the republic logo

Israel says it will resume transfer of Palestinian tax revenues as humanitarian gesture

bug
Share/Save/Bookmark

JERUSALEM — Israel said Friday that it will transfer Palestinian tax revenues it has been withholding as punishment for the Palestinians' application to join the International Criminal Court.

Prime Minister Benjamin Netanyahu's office said the decision was made following the recommendation of Israel's security establishment and because of humanitarian considerations. Israel has been under international pressure to release the frozen funds and Israeli security officials had warned that continuing to hold back the revenue could spark violence.

Under existing agreements, Israel collects taxes and customs on behalf of the Palestinians and then transfers the sums to them. It has withheld funds before as retaliation for unilateral Palestinian actions. Over the past three months it has collected hundreds of millions of dollars without transferring the funds.

Israel withheld the tax transfers it collects for the cash-strapped government of Palestinian President Mahmoud Abbas after he applied to join the ICC — a move potentially paving the way for a war crimes investigation of Israel.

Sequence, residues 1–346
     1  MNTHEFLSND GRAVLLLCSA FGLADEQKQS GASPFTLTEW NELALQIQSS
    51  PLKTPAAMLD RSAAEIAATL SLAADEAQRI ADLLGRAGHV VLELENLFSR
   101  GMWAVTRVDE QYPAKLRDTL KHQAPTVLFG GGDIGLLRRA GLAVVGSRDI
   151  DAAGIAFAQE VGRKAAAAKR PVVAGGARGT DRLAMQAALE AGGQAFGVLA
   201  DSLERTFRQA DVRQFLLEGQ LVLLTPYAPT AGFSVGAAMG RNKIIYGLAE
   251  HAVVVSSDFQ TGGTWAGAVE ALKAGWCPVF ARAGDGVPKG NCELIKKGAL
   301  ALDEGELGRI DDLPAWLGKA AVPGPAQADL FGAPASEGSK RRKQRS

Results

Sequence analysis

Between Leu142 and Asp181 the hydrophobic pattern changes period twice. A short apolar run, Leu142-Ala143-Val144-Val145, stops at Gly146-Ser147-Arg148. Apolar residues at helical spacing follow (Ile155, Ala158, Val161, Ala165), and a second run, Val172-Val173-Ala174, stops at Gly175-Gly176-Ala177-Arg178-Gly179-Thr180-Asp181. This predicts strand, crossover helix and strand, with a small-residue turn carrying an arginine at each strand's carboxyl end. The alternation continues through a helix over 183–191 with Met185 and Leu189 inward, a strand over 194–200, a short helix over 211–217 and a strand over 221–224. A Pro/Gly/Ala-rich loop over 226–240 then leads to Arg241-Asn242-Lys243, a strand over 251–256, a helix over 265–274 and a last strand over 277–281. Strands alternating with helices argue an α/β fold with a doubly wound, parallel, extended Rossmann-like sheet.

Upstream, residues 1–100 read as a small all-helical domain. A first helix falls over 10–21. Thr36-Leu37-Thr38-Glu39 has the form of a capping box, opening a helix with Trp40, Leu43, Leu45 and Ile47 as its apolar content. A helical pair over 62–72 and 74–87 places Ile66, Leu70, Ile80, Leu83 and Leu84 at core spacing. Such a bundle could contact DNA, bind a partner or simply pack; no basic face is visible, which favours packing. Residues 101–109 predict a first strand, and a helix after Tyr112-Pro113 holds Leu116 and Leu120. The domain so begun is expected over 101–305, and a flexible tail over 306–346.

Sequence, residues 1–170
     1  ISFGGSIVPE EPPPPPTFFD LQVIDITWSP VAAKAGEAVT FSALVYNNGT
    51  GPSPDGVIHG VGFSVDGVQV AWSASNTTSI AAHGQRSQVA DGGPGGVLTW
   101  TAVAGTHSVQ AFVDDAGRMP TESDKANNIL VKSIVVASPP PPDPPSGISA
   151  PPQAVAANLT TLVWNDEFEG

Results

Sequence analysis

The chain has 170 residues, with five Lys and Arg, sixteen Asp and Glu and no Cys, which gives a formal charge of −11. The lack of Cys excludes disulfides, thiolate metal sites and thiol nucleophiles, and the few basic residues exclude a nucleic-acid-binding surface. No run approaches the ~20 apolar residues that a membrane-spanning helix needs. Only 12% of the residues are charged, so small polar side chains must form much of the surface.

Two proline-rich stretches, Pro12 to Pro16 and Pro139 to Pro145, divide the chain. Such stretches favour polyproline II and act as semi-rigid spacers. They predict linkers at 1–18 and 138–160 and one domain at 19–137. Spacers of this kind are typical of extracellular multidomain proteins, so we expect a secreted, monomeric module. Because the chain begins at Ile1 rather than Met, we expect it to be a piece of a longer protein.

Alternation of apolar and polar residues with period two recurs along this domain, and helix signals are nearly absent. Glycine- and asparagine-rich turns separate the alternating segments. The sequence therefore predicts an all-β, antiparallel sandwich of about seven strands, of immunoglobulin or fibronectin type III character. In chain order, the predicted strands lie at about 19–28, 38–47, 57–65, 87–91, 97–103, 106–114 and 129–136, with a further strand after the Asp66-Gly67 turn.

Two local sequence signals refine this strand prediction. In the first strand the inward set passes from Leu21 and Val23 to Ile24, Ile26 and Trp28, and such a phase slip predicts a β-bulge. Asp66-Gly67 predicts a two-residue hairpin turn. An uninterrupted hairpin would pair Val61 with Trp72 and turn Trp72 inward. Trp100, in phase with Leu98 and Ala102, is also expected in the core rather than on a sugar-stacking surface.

That and other moves prompted Abbas to complain that Israel had eroded the authority of his self-rule government in the West Bank to the point where it has "no real power here over anything."

Abbas' Palestinian Authority hasn't been able to pay its civil servants and has warned that it is nearing collapse.

Netanyahu said in a statement that it was in Israel's interest to transfer the money.

"Given the deteriorating situation in the Middle East, one must act responsibly and with due consideration alongside a determined struggle against extremist elements," he said.

The move may be part of Netanyahu's attempt to contain the international fallout from remarks he made ahead of elections earlier this month, when he said the current regional climate made it impossible to create a Palestinian state.

The remarks helped him to rally his right-wing base, and his subsequent victory virtually ensured he would serve another term. But the statements enraged Washington, which has pressed for a return to negotiations on a two-state solution to the conflict.

Think your friends should see this? Share it with them!

Story copyright 2015 The Associated Press. All rights reserved. This material may not be published, broadcast, rewritten or redistributed.

Feedback, Corrections and Other Requests: AP welcomes feedback and comments from readers. Send an email to info@ap.org and it will be forwarded to the appropriate editor or reporter.


We also have more stories about:
(click the phrases to see a list)

Category:

Follow The Republic:

All content copyright ©2015 The Republic, a division of Home News Enterprises unless otherwise noted.
All rights reserved. Privacy policy.